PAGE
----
Suffrage: How Women Won the Vote
On this presidential election day, Debbie Glade reviews a book about the history of women voting in the USA.
Now is the perfect time to read Rightfully Ours: How Women Won the Vote; 21 Activities ($16.95, Chicago Review Press, Ages 9 and up) by Kerrie Logan Hollihan. Young readers will learn about the important struggles women of America faced for rights from the cradle of American history through the early 1920s when they were first allowed to vote. They will be introduced to the term, “suffrage,” the act of voting, and will become familiar with the most important figures in women’s voting history.
What I realized when I began reading this book is that there is a lot I didn’t know about the history of women’s rights in America. Sure, I was aware that women struggled for rights, but the details were always lacking in my education. I’m sure many other Americans can say the same.
This book proved to be so very inspiring for me. Women have been fighting for their rights in America since the very beginning of its history. It took great courage and resilience for them to stand up for what they believed in, in a time where their opinions were not respected. Had it not been for the efforts of: Lucy Stone, the first woman to earn a college degree in the state of Massachusetts; Elizabeth Cady Stanton and Susan B. Anthony, organizers of the first women’s rights convention; Harriet Tubman, an organizer of the Underground Railroad; Harriet Beecher Stowe, who wrote Uncle Tom’s Cabin and many other prominent female figures in the women’s rights movement, we as women would not have the rights we do today. Readers will understand more about the sacrifices our ancestors made that shaped American history and perhaps they will be grateful for their own civil rights.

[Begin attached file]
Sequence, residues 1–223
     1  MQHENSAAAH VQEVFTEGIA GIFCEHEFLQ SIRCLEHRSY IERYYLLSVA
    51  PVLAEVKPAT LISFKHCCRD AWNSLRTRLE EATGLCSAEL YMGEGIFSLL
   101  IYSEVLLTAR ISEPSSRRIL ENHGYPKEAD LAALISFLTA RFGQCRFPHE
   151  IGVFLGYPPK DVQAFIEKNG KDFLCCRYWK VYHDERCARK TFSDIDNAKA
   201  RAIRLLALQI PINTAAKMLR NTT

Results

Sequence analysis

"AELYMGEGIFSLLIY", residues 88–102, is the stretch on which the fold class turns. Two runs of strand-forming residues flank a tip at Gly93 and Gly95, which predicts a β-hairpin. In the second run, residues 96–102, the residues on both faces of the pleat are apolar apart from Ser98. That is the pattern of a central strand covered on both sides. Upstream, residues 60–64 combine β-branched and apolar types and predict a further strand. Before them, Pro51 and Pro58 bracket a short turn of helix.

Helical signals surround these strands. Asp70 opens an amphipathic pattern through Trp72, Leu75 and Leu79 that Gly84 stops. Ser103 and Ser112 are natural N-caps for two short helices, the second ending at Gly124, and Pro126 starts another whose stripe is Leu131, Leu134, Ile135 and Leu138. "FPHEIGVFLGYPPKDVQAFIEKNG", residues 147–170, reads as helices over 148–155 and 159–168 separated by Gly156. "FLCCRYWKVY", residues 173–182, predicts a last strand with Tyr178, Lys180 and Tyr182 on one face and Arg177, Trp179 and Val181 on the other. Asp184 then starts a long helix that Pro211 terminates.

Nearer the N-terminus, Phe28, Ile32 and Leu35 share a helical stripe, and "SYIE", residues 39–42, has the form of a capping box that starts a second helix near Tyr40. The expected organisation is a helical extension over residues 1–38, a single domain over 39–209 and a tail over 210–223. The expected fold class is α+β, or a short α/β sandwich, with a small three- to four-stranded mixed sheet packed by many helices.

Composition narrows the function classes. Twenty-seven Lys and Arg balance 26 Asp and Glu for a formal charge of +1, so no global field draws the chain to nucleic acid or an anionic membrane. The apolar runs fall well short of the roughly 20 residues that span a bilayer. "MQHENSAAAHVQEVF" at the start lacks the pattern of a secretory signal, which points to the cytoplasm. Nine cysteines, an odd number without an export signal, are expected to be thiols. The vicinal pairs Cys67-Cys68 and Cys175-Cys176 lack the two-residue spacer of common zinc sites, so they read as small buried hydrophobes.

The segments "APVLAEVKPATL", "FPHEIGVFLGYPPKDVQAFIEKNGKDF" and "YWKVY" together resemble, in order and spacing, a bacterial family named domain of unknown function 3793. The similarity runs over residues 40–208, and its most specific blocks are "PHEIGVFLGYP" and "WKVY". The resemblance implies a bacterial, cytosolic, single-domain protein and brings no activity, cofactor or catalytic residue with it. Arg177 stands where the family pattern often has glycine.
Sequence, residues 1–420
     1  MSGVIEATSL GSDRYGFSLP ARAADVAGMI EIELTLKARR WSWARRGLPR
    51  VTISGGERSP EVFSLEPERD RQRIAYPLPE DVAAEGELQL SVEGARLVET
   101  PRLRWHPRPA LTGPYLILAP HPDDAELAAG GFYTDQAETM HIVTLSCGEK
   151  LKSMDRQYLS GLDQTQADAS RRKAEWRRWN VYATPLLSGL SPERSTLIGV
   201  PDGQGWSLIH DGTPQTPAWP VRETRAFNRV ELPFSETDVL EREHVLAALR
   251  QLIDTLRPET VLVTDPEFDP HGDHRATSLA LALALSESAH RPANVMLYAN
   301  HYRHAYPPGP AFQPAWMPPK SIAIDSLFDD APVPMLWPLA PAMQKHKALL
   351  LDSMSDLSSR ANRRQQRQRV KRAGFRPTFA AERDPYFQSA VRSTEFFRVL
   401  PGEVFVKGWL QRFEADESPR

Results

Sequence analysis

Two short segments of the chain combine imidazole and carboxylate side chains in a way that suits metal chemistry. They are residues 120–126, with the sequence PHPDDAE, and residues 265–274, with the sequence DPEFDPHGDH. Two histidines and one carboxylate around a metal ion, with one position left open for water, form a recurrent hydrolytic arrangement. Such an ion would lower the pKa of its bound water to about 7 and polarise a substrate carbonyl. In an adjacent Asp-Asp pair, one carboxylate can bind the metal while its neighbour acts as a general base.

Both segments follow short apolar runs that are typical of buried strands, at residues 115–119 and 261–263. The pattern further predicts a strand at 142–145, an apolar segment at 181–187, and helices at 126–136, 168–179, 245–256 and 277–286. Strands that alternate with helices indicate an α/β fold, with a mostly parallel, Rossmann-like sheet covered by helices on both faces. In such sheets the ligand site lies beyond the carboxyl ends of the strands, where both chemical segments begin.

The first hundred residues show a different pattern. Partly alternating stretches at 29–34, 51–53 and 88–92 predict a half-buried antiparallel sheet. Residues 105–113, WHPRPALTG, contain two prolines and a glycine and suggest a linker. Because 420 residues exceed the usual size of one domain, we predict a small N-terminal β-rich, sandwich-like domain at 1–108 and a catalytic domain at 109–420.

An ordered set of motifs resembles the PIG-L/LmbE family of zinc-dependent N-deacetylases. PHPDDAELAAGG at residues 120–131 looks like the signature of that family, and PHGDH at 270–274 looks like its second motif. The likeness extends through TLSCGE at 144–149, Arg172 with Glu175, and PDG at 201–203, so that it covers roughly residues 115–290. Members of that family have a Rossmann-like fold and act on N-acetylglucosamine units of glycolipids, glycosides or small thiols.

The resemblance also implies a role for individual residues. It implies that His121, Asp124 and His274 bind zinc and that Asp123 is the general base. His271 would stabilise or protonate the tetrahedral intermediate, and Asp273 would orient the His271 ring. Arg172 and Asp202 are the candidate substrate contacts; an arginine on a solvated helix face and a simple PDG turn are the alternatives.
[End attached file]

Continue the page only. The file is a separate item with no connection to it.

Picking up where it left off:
As with all Chicago Review Press for Kids Series, there are 21 wonderful activities that accompany this book’s theme. Among my favorites are: crafting your own soap, which reminds us of the way women used to make their own from grease; making an oil lamp with a glass jar; staging a reader’s theater for suffrage; finding out how “comfortable” a corset may be; and making a coat hanger banner similar to those that suffragists marched with to promote their cause. In the back of the book are excellent resources for further learning – books, places to visit and websites of interest.
In October, 2011, I interviewed the author of this book, Kerrie Logan Hollihan for her impressive Elizabeth I, the People’s Queen: Her Life and Times, 21 Activities book. She has also written, Isaac Newton and Physics for Kids: His Life and Ideas with 21 Activities and Theodore Roosevelt for Kids: His Life and Times, 21 Activities. I so admire Hollihan’s dedication to writing these factual historical books on such important subjects for children which take a great deal of time and passion and I look forward to her next book.
Check out all the Chicago Review Press Kids Series books here.